The Fast of Esther (13th of Adar)

Published date06 March 2023
Publication titleIsrael National News (Israel)
The practice of fasting was observed by the people of Israel whenever they were faced by war. Thus Moshe Rabenu also fasted when he came to wage war against Amalek. The aim of the fast was to affirm that a man does not prevail by physical or military strength, but only by lifting his eyes heavenward in prayer so that Divine Mercy might give him the strength to prevail in battle. This then was the purpose of the fast observed by Israel at the time of Haman, when they gathered to defend themselves against those who sought to destroy them. And in memory of that Fast, a yearly Fast was fixed for generations on the same day. We are to recall thereby that God accepts each person's prayer and penitence in the hour of his trouble

The acceptance of this Fast of the 13th of Adar on the part of Israel for later generations is alluded to in the Scroll of Esther: 'And as they accepted upon themselves and upon their children, the matters of their fastings and their cry' (Esther 9).

The Fast is called by the name of Esther because it was she who first requested the observance of a fast, of Mordechai: 'Go and gather all the Jews who are found in Shushan and fast over me, and do not eat and do not drink three days, night and day; and I and my maidens will also fast thus.' (ibid. 4)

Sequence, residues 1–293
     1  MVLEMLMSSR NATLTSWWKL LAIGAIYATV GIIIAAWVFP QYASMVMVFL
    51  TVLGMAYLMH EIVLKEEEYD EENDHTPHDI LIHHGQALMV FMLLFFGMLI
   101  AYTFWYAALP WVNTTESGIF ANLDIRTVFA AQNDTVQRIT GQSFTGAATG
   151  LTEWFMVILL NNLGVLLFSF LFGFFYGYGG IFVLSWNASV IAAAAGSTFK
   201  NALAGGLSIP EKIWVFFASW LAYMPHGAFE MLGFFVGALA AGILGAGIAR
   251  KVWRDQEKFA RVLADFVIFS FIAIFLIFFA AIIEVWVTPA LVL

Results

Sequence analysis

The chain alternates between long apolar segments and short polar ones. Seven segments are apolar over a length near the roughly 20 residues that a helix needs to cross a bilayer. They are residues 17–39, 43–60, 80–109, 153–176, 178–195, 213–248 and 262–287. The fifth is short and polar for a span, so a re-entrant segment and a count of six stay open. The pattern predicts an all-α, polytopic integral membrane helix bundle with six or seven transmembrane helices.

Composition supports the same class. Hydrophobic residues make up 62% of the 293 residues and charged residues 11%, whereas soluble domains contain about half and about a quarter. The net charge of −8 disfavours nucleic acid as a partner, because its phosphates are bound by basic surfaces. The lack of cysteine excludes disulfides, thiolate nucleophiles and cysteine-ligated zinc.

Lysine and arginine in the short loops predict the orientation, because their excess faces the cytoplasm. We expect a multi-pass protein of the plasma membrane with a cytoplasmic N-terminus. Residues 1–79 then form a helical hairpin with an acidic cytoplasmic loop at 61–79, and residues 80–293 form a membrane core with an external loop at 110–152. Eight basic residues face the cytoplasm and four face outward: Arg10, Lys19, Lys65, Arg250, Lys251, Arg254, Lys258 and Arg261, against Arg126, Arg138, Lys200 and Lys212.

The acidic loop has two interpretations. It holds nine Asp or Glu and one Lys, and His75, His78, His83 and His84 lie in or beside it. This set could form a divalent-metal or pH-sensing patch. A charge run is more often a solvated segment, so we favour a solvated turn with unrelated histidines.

The fast which we observe is nevertheless not observed for a three-day period, as was the case with the original Fast, nor is it observed on the same date. Originally the Fast was observed by Esther and the entire people of Israel on the 14th, 15th and 16th of Nisan, immediately after Mordechai was informed of Haman's decree and of the letter of annihilation which Haman wrote on the 13th of Nisan. Our Fast however, is observed on the 13th of Adar, in memory of the Fast observed by Israel on the day of their mobilization for war against the enemies. The Fast is nevertheless called by the name of Esther since it was she who first proposed its observance.

Others hold the view, that even our Fast is also primarily a commemoration of the original three-day Fast observed by the Jews when the decree was announced. But since the Fast could not be permanently fixed for later years in its proper time (because fasting is not permitted during Nisan), the Sages therefore fixed it for the 13th of Adar – which was also a Fast day for the Jews, who then gathered to wage war against their enemies. And although the Fast of Esther is therefore a memorial to the original three days of fasting, the Rabbis were...

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